We combine modern experimental and computational technologies to understand cancer progression at a molecular level. Our goal is to develop novel strategies for studying, diagnosing, and ultimately treating cancer.
For cancer to spread, genes involved in the metastatic process must be altered. This deregulation largely arises from modulations in the regulatory programs that govern gene expression dynamics. A major component of my research is focused on unbiased and systematic platforms that enable the discovery of mechanistically novel post-transcriptional regulatory pathways that contribute to metastatic disease. For example, by focusing on small non-coding RNAs that are induced under stress, we identified a novel of class of tRNA-derived tRNA fragments (tiRNAs) that act as suppressors of breast cancer metastasis (Goodarzi et al, 2015, Cell). Recently, we also reported the discovery a post-transcriptional regulatory pathway that was not only mechanistically novel, but also directly promotes breast cancer metastasis (Goodarzi et al, 2014, Nature). These discoveries were made possible with development of integrated strategies, which combine modern experimental and computational technologies. This interdisciplinary approach, which taps into my background as a computational and experimental biologist, is crucial for tackling complex phenotypes in human disease.
Deciphering the noncoding regulatory genome is a formidable challenge. Despite the wealth of available gene expression data, broadly applicable methods for characterizing the regulatory elements that shape the underlying dynamics have been in short supply. To overcome this challenge, we have developed a suite of integrated computational and experimental techniques that overcome the major obstacles in revealing the regulatory logic underlying RNA dynamics in the cell under normal and pathologic conditions. Our computational frameworks for detecting linear and structural regulatory DNA and RNA motifs rely on directly assessing the mutual information between sequence and whole-transcriptomic measurements. Our approach makes minimal assumptions about the background sequence model and the mechanisms by which elements affect gene expression. In parallel, we have developed a series of experimental strategies, based on whole-genome observations, to validate and functionally probe these regulatory interactions in vivo. While our findings provide an encyclopedic snapshot of regulatory interactions in the cell, our knowledge of the regulatory genome is still in its infancy. Applying these strategies to other experimental models is a crucial step towards a more comprehensive understanding of the regulatory genome.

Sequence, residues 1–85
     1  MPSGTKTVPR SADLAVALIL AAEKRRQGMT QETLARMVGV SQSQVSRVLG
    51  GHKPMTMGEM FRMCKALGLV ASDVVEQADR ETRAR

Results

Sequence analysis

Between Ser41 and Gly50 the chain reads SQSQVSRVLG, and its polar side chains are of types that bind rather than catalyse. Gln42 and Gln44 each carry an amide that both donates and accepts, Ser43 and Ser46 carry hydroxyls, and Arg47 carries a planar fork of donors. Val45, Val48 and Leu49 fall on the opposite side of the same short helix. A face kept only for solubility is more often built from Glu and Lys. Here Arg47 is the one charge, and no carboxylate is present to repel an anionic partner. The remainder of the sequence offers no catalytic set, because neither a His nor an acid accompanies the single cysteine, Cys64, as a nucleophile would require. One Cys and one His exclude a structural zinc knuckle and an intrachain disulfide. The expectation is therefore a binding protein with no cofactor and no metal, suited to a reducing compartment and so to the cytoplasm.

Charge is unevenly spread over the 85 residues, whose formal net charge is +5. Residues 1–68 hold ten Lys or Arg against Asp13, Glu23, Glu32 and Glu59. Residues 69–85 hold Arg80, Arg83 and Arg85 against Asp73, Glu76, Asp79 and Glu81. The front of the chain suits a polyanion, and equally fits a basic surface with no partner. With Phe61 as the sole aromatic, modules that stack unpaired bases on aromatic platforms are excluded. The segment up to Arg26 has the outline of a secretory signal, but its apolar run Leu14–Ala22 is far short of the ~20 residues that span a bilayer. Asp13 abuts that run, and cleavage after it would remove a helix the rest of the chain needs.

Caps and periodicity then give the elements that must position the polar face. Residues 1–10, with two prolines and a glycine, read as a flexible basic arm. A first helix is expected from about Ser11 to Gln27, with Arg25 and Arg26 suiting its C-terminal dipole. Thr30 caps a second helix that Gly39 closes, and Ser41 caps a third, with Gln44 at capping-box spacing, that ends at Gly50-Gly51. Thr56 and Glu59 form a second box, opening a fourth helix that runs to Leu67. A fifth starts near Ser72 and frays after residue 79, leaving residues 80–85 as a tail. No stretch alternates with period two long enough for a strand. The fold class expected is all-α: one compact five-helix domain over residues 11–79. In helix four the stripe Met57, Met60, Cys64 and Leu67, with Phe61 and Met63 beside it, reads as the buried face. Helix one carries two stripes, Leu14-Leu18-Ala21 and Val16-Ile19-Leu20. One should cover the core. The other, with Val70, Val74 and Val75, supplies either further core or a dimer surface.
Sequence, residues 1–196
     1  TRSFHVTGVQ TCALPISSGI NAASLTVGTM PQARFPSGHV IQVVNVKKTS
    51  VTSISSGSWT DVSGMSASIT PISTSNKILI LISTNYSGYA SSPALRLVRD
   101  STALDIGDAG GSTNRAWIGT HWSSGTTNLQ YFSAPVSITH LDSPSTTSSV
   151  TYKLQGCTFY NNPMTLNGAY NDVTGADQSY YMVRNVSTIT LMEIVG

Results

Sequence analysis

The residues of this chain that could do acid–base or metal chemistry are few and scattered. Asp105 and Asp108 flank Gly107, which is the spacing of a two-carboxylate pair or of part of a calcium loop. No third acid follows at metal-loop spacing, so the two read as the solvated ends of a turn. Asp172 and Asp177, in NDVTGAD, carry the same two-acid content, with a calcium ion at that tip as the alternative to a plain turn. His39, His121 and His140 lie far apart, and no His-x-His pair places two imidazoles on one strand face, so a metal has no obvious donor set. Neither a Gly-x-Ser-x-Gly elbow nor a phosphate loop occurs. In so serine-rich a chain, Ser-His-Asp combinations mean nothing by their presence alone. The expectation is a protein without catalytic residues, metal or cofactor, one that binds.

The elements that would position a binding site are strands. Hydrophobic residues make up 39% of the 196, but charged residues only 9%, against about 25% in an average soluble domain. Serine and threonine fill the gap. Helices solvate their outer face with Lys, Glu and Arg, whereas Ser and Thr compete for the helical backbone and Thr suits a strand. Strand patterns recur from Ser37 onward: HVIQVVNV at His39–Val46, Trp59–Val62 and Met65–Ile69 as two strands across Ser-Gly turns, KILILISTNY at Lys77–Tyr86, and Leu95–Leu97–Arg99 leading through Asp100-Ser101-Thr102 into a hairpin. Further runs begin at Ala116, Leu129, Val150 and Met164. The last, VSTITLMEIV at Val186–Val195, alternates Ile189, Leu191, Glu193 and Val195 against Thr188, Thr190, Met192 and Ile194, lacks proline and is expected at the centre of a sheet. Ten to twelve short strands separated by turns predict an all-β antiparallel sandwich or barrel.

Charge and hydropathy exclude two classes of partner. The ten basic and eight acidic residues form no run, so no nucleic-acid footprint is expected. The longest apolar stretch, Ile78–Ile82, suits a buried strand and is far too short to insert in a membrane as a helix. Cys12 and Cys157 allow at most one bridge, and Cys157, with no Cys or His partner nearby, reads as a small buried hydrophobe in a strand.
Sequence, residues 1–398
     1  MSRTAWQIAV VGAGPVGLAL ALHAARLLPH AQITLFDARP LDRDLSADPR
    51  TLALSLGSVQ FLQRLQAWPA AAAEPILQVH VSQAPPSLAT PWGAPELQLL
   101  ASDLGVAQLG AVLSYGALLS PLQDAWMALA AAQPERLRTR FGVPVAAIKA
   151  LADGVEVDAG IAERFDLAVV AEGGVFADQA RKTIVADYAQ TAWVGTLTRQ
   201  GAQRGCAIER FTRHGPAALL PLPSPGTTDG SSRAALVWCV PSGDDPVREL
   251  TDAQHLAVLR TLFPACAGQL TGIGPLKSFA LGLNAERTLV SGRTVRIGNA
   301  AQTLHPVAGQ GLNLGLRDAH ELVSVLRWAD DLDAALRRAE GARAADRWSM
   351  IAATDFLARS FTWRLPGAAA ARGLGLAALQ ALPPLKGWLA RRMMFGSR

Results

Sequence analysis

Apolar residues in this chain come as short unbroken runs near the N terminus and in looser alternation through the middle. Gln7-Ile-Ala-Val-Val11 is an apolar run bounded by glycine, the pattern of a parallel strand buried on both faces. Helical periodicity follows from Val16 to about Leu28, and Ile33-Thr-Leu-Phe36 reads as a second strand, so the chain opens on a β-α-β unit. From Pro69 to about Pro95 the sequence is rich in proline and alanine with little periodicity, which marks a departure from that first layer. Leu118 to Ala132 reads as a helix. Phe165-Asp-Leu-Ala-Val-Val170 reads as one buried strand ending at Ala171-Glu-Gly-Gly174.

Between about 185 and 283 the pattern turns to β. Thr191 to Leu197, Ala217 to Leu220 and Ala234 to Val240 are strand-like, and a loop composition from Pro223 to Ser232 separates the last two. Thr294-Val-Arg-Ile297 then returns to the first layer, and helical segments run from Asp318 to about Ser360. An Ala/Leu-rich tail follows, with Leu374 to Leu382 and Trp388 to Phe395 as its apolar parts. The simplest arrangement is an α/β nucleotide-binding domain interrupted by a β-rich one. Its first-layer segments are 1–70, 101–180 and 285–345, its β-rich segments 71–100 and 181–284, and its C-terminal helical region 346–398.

N6-methyladenosine (m6A) has been recently identified as an epitranscriptomic modification of mRNAs in eukaryotes, but its regulatory consequences and functional role in the cell is largely uncharacterized. In a series of studies, we have depicted a pivotal role for m6A modifications in miRNA processing. Using computational tools and focused experimental techniques, we have demonstrated that this modification marks the sites of primary miRNAs and helps recruit the miRNA machinery. We successfully identified the RNA-binding protein HNRNPA2B1 as one nuclear reader of this modification, which initiates the processing by interacting with DGCR8. In our view, this but one example of RNA editing regulating key RNA processing events in the cell. As such, we are interested in understanding how RNA methylation is initiated, what is its impact on the targets RNA molecule, and how this effects is brought about.